May 6 (Bloomberg) -- Warren Buffett, the billionaire chairman and chief executive officer of Berkshire Hathaway Inc., said he isn’t investing in corporate debt, including Apple Inc.’s record offering, because yields are too low.
“We’re not buying corporate bonds of any kind now,” Buffett, 82, said May 4 during an interview with Bloomberg Television’s Betty Liu in Omaha, Nebraska, where Berkshire held its annual meeting. “Not at those yields.”
Berkshire held $12.2 billion of corporate bonds as of March 31, according to a quarterly filing issued on May 3. That’s down 14 percent from two years earlier. The value of Berkshire’s equity portfolio climbed 54 percent to $97.2 billion in the two years ended March 31 as markets rallied and Buffett added shares of International Business Machines Corp.
Yields on debt from corporate securities to Treasuries have tumbled as the Federal Reserve slashed interest rates and bought bonds to help the economy recover from recession. The payout rate on dollar-denominated company debt fell to a record 3.35 percent on May 2, according to the Bank of America Merrill Lynch U.S. Corporate & High Yield Index. Yields have averaged 5.87 percent during the past decade.
Apple, maker of the iPhone, sold $17 billion of bonds on April 30 in the biggest corporate offering on record. Buffett, who has said he limited investing in technology companies in part because he doesn’t understand them, said the decision to abstain from the Apple offering was part of a broader strategy.
“We’re not buying bonds of Apple -- we’re not buying bonds of anybody,” Buffett said on May 4. “It has nothing to do with them being a tech company. The yields are too low.”
Apple’s debt sale included $4 billion of 1 percent, 5-year notes that pay 40 basis points, or 0.4 percentage point, more than similar-maturity Treasuries; $5.5 billion of 2.4 percent, 10-year securities with a relative yield of 75 basis points and $3 billion of 3.85 percent, 30-year bonds paying an extra 100 points, data compiled by Bloomberg show.
Investors have flocked to bonds since the 2008 financial crisis, when the Standard & Poor’s 500 Index of stocks fell about 38 percent in a year.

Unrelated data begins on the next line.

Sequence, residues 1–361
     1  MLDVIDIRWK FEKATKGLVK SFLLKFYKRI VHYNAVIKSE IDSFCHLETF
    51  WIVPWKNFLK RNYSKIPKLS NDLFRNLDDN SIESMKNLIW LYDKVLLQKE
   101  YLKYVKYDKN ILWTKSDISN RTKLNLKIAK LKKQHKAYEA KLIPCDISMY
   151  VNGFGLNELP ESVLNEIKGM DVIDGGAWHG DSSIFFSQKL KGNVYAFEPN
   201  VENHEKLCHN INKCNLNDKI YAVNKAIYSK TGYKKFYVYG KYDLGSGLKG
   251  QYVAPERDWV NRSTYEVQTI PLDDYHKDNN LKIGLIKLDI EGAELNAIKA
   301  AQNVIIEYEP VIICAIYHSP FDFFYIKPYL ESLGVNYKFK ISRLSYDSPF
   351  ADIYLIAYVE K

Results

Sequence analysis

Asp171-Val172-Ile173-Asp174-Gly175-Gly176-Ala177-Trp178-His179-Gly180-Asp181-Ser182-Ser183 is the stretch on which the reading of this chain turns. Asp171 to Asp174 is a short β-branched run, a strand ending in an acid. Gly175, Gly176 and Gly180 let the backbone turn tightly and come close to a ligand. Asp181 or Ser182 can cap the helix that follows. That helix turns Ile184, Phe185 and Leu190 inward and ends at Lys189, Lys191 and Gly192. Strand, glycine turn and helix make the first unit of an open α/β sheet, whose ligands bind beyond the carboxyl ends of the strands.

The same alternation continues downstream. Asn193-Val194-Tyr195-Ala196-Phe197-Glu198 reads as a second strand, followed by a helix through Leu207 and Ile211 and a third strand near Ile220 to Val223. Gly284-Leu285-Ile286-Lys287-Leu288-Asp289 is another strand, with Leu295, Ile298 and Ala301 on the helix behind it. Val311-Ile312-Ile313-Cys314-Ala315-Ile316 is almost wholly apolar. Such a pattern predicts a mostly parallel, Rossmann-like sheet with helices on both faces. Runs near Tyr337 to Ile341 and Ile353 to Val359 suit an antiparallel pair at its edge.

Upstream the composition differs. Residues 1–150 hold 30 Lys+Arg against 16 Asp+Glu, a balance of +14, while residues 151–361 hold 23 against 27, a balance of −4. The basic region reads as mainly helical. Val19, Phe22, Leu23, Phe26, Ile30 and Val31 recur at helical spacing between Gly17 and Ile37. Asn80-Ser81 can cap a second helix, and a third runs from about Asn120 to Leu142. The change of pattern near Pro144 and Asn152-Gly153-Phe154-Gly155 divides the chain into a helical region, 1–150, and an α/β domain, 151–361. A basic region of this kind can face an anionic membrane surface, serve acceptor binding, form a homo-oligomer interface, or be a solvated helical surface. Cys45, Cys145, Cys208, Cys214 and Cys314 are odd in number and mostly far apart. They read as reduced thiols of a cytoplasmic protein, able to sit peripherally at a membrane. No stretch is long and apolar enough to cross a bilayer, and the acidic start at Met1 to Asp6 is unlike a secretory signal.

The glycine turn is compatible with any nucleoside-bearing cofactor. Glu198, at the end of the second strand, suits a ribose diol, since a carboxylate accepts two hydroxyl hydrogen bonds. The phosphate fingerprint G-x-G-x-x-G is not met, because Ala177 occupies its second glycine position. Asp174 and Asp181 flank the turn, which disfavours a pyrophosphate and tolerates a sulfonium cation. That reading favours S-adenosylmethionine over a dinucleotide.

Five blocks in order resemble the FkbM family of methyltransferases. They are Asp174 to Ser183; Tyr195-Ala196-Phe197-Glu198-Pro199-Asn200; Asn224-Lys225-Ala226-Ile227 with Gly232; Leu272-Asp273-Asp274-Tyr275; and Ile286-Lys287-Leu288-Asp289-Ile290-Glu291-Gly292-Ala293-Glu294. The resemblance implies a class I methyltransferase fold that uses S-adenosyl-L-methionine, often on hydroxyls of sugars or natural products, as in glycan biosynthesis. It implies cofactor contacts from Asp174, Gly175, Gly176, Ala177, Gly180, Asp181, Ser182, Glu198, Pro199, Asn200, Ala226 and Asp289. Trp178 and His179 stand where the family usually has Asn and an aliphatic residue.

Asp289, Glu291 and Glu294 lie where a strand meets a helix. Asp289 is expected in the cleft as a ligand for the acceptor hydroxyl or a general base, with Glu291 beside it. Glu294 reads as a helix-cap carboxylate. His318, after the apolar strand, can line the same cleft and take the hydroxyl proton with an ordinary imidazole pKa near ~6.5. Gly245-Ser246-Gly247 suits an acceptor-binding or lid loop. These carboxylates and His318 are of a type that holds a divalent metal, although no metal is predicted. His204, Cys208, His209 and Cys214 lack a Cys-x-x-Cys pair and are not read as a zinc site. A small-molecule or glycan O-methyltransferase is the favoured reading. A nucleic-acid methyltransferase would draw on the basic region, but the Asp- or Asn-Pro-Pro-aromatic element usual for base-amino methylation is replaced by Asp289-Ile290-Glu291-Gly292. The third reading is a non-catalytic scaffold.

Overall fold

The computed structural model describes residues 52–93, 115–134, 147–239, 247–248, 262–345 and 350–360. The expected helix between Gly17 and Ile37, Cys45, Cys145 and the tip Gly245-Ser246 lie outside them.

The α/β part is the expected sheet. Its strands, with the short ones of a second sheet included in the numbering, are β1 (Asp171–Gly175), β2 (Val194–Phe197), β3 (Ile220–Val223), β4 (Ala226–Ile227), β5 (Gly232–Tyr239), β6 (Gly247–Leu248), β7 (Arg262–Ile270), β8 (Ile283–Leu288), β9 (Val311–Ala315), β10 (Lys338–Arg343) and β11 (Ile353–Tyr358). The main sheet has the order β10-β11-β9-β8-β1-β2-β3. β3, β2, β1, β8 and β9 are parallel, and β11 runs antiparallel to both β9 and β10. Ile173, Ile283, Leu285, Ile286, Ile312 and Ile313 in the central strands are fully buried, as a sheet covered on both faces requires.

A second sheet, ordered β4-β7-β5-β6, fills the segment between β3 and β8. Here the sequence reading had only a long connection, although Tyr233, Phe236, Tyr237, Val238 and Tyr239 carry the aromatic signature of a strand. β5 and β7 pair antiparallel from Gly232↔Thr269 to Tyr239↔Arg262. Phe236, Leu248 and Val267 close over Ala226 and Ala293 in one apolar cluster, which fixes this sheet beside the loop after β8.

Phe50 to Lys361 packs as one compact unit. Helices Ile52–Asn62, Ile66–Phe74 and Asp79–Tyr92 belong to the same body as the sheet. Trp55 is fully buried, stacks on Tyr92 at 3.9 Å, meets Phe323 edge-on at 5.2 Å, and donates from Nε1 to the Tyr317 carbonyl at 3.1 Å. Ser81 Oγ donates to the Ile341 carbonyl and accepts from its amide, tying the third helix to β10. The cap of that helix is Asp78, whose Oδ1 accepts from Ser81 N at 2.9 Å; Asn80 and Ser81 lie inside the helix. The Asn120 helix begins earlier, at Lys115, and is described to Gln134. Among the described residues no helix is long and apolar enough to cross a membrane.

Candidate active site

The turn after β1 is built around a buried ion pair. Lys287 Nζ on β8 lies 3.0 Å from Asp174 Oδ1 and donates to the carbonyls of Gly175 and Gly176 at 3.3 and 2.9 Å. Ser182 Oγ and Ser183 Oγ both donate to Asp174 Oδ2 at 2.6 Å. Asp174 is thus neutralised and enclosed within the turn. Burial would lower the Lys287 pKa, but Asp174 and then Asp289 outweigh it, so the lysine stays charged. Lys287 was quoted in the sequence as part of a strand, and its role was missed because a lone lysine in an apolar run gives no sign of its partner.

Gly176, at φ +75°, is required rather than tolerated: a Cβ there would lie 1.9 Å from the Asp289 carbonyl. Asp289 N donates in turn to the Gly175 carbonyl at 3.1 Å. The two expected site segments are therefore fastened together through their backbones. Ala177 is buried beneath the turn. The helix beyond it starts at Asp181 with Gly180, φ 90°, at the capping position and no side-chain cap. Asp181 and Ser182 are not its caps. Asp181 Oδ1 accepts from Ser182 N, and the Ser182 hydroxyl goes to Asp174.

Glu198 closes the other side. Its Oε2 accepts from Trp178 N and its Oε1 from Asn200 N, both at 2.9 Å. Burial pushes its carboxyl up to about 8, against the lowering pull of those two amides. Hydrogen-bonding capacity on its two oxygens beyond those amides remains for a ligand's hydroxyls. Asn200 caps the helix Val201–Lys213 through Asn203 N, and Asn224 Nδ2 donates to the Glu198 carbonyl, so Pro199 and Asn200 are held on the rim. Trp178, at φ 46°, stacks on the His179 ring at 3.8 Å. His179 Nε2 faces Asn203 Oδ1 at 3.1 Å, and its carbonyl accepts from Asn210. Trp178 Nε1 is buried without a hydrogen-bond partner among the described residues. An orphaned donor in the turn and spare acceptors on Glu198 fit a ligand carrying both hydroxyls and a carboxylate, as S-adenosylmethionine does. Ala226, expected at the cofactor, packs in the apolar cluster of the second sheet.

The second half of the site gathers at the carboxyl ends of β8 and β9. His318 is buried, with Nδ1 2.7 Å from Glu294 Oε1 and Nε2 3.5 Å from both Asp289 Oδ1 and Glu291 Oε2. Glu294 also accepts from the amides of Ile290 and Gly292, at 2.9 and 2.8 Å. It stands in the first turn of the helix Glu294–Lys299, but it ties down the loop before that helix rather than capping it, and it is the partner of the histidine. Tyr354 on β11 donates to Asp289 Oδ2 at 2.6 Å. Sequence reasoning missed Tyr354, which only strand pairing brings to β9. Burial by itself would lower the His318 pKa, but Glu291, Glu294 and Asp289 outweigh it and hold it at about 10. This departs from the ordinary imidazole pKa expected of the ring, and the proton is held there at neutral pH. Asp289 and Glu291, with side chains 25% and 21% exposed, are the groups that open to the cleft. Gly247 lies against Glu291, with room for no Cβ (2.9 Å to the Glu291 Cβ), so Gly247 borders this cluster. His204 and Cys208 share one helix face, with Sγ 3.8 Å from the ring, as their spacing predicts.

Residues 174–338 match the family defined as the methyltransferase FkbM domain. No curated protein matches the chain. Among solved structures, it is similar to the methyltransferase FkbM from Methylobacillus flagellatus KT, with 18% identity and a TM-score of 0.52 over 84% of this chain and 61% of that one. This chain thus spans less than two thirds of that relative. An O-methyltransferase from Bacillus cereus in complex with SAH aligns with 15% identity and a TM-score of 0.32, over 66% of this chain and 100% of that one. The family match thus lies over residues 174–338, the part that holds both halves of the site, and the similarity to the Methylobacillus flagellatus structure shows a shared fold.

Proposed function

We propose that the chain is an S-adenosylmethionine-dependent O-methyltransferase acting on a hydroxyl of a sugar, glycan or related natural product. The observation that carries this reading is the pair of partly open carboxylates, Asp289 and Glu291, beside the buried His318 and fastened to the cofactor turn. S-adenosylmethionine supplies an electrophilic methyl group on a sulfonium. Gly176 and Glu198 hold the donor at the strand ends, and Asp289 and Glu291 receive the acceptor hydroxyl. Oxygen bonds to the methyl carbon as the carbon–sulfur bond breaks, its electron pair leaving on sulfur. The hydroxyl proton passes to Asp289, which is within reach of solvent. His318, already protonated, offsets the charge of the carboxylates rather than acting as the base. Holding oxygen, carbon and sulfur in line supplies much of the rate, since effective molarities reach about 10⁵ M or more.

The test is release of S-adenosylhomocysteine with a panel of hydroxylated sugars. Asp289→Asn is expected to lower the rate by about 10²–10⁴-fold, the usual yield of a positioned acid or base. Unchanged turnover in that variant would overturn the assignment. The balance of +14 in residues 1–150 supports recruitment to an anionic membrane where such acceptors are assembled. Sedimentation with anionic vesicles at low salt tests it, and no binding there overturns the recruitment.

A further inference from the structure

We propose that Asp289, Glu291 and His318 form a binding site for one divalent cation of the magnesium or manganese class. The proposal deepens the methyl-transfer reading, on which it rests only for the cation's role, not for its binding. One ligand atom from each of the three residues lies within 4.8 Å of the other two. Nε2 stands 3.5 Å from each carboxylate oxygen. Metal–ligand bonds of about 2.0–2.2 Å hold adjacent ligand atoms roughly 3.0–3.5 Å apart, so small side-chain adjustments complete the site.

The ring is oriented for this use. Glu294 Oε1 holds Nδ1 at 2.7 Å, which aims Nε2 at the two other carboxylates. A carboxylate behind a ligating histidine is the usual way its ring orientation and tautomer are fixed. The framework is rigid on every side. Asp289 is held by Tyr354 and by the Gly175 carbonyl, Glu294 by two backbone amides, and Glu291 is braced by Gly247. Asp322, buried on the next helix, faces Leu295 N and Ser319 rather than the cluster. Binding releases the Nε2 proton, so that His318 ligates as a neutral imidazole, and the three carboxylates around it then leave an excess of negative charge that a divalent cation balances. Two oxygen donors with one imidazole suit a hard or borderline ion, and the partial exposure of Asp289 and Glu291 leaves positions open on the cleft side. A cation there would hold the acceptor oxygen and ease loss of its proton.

Corporate and municipal bonds “were ridiculously cheap relative to U.S. Treasuries” in early 2009, Buffett said in an annual letter to investors in February 2010. “Big opportunities come infrequently. When it’s raining gold, reach for a bucket, not a thimble.”
The Fed has held its target interest rate for overnight loans among banks between zero and 0.25 percent since December 2008 and is buying $85 billion of bonds a month. Buffett said on May 4 during a question-and-answer session at the annual meeting that he pities people who have “clung to fixed-dollar investments.”
“The problem faced by people who have stayed in cash or cash equivalents or short-term Treasuries, it is brutal,” Buffett said. “I don’t know what I would do if I were in that position.”
Buffett will collect a 9 percent dividend on the $8 billion preferred stake Berkshire gets as part of a deal he struck in February with 3G Capital to take ketchup-maker HJ Heinz Co. private. Heinz is rated BBB+ by Standard and Poor’s, the eighth-highest of 10 investment grade levels. Apple has a AA+ grade, the second highest.
Berkshire has been burned by bets on lower rated corporate debt. The cost of impairments was $85 million in the first quarter, compared with $337 million a year earlier, Berkshire said last week. The losses in both periods were related to bonds issued by Texas Competitive Electric Holdings.
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